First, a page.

Ward options see little change for WC

WEST CARLETON – The city’s Finance and Economic Development committee (FEDCO) heard from its team of ward boundary review consultants yesterday (July 7) who presented several options as part of the ongoing ward boundary review.

The city hired independent consultants to review the city’s ward system and propose boundaries that would better represent Ottawa’s growing population.

To see the complete documents related to the ward boundary review, click here.

Last March the city through the consultants began phase one of public consultation process. There was an online survey, an email address (wardboundary@ottawa.ca) dedicated to receiving ward boundary comments and public meetings. Unfortunately, due to COVID-19, only two of nine public meetings were able to be held.

Based on consultations with councillors, residents and stakeholders, the consultant developed five options:

Add two wards, for a total of 25 wards

Add one ward, for a total of 24 wards – this option requires the fewest changes to existing boundaries

Maintain 23 wards – this includes two options, with two alternate ways to change existing boundaries

Remove six wards, for a total of 17 wards

Only one of the options distinctively affects the current Ward 5 West Carleton-March boundary – the option to remove six wards for a total of 17. That option would reduce rural wards from three to two and basically double the size of Ward 5 in both land mass and population.

“What’s in there today is a report to receive,” FEDCO member and Ward 5 councillor Eli El-Chantiry told West Carleton Online yesterday following the meeting (July 7). “The other options are more traditional but other than that, there aren’t really any changes for us.”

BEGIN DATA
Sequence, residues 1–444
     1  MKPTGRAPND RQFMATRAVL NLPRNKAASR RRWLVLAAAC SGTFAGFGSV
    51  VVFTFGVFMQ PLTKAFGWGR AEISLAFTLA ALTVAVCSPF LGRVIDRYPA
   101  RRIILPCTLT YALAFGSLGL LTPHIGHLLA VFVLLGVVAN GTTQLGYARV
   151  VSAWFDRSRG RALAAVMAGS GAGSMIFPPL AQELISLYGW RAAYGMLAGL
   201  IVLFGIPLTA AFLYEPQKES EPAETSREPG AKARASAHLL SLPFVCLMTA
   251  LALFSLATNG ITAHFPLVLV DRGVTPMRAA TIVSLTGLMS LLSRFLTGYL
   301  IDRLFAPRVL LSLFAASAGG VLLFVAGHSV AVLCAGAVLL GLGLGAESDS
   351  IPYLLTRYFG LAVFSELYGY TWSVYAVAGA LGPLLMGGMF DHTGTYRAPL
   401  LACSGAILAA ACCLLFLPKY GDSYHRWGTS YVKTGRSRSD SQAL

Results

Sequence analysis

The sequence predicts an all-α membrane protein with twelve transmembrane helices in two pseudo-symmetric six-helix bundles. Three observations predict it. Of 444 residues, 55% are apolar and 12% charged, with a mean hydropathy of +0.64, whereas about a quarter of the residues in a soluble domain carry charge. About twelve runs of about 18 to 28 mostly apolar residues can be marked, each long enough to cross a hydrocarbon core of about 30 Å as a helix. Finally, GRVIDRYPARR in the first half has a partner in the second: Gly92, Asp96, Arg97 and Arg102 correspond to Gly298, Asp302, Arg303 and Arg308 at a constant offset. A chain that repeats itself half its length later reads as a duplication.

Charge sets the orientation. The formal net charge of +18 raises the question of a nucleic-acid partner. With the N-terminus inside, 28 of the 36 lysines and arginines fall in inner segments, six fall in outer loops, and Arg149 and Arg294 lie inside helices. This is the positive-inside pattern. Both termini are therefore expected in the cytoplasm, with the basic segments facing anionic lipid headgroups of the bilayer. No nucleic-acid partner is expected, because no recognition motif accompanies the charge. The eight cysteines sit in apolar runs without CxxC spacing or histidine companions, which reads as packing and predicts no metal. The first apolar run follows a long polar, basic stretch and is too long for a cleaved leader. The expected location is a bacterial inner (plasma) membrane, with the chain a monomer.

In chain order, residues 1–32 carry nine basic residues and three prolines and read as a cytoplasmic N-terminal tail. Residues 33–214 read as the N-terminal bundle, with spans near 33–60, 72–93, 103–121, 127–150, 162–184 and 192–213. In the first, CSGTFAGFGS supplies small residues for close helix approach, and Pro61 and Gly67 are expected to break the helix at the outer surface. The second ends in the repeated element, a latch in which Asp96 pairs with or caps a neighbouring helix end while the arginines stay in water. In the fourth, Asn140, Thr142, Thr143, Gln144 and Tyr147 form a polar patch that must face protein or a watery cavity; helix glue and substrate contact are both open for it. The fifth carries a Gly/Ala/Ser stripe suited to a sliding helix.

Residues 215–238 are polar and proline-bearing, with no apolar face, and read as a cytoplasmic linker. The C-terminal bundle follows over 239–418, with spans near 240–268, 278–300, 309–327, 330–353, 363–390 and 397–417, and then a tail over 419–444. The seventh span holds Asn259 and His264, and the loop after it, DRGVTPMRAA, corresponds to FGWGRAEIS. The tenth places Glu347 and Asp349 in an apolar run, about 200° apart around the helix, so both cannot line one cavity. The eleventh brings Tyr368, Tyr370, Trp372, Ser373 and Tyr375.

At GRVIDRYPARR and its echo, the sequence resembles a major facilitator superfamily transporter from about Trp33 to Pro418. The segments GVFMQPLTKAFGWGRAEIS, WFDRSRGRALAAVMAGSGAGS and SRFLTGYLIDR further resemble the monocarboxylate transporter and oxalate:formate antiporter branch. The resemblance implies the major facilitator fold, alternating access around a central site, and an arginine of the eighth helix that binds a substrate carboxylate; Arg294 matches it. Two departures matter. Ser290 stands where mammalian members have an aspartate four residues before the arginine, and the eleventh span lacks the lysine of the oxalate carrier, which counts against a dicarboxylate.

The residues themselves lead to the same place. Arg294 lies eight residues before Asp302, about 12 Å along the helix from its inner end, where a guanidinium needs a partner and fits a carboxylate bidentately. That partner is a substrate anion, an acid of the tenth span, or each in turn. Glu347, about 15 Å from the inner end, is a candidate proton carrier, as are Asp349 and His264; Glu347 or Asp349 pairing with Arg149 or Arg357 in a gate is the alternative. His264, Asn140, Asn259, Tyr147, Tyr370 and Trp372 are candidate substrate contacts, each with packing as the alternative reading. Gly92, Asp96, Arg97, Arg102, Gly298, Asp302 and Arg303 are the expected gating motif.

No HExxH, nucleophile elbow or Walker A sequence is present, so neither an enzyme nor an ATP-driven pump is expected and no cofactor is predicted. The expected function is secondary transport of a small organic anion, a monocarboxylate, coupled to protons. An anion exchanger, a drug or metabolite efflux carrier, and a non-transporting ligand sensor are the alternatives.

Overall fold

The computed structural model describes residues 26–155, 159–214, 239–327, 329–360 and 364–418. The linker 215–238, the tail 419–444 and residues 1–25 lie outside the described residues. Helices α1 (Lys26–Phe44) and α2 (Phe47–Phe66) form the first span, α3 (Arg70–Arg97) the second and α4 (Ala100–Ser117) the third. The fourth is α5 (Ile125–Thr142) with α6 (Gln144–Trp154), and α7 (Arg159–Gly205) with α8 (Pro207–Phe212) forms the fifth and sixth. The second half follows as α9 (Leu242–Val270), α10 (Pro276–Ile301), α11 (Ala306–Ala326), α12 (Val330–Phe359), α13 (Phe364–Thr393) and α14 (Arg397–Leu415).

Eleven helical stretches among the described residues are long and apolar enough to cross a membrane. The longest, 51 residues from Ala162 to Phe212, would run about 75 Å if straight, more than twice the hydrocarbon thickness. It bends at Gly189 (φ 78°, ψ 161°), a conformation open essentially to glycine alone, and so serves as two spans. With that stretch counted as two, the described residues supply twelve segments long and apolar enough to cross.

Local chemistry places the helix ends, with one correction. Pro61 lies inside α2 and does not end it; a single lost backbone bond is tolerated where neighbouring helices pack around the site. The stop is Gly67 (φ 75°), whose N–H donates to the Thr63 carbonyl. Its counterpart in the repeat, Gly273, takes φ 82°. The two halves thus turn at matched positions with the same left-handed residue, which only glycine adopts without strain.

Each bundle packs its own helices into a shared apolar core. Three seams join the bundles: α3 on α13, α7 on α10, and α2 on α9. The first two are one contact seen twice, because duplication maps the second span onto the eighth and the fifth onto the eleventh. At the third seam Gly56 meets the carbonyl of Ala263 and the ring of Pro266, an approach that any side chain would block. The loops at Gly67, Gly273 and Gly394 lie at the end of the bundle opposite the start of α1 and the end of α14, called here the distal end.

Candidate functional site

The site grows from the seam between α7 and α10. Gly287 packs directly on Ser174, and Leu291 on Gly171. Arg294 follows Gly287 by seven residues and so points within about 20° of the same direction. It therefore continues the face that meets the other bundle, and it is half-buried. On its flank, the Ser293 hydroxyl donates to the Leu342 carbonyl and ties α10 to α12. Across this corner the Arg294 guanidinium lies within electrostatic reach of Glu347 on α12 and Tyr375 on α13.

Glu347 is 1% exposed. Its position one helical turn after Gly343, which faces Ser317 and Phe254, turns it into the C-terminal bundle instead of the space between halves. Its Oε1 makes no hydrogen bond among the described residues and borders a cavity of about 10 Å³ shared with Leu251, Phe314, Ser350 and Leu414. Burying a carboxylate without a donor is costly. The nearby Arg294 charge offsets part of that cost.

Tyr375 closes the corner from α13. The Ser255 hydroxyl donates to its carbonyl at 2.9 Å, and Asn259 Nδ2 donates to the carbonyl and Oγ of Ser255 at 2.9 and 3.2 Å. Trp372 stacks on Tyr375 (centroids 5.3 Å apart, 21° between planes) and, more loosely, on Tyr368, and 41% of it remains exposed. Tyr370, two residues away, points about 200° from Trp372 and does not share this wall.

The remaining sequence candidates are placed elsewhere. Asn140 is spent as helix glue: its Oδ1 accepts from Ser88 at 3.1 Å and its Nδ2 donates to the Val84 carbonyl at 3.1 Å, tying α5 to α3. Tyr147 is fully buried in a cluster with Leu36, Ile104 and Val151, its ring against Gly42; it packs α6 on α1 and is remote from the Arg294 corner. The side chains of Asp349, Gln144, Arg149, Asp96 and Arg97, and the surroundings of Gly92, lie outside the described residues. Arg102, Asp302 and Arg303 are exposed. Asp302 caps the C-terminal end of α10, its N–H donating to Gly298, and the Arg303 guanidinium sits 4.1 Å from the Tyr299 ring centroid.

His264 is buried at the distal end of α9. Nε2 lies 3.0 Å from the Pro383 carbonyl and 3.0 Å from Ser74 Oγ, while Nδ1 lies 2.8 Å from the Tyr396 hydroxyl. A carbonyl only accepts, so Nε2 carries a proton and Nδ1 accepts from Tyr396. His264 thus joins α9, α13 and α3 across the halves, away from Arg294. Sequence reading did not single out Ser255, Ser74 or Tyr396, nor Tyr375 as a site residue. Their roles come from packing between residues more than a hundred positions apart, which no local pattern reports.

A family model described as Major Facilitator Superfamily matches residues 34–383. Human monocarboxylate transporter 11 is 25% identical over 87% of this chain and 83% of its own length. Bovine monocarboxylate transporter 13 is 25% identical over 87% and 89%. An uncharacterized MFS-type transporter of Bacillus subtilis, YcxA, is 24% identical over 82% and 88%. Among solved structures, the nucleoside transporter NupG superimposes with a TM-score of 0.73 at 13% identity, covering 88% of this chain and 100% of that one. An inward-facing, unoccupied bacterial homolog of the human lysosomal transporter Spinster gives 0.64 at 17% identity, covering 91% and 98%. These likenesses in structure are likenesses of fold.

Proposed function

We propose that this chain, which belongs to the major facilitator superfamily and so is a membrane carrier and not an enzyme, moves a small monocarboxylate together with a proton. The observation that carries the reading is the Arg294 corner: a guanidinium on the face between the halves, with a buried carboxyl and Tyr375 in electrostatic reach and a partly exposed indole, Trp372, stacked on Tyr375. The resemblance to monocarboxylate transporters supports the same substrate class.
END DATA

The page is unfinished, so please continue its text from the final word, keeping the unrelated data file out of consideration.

And El-Chantiry doesn’t really think the 17-ward system is feasible.

“Impossible to achieve,” he said. “Really ridiculous. All the rural area of Ottawa would be represented by two councillors. The Supreme Court demands for representation.”

Ward 5 already has the most roads in the city (more than 830 kilometres worth) and the most geographic area.

“We’re larger than all of Calgary by 50 square kilometres,” El-Chantiry said. “Even Cumberland is growing to the place where in eight more years in will be 60,000 people. So, their issues are not the same as our issues.”

The last ward boundary review in 2005 was “defeated by the Ontario Municipal Board,” El-Chantiry said.

At the time, El-Chantiry spoke with the South March Community Association, one he says was fairly active at the time and had a few former councillors on the board. The South March community was right on the rural-urban boundary and was discussing whether to be part of Kanata or West Carleton.

“They were happy to remain with the rurals,” El-Chantiry said. “Rarely has there been an issue that divides us.”

El-Chantiry has a preference but says his opinion doesn’t matter much.

“Option two or three would make more sense to most,” he said. “But (councillors) are self-serving. You are voting for your own job, so I would rather hear from the residents.”

El-Chantiry says so far, there hasn’t been much input on the boundary review from West Carleton residents.